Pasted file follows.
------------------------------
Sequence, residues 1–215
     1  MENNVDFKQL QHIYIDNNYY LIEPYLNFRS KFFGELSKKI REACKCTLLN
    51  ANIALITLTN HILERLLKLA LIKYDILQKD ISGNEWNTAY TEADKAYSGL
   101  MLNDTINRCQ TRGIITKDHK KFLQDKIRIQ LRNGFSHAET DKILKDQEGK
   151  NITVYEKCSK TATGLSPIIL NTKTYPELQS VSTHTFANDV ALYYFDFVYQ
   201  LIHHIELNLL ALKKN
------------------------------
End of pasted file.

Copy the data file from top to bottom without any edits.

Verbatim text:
Sequence, residues 1–215
     1  MENNVDFKQL QHIYIDNNYY LIEPYLNFRS KFFGELSKKI REACKCTLLN
    51  ANIALITLTN HILERLLKLA LIKYDILQKD ISGNEWNTAY TEADKAYSGL
   101  MLNDTINRCQ TRGIITKDHK KFLQDKIRIQ LRNGFSHAET DKILKDQEGK
   151  NITVYEKCSK TATGLSPIIL NTKTYPELQS VSTHTFANDV ALYYFDFVYQ
   201  LIHHIELNLL ALKKN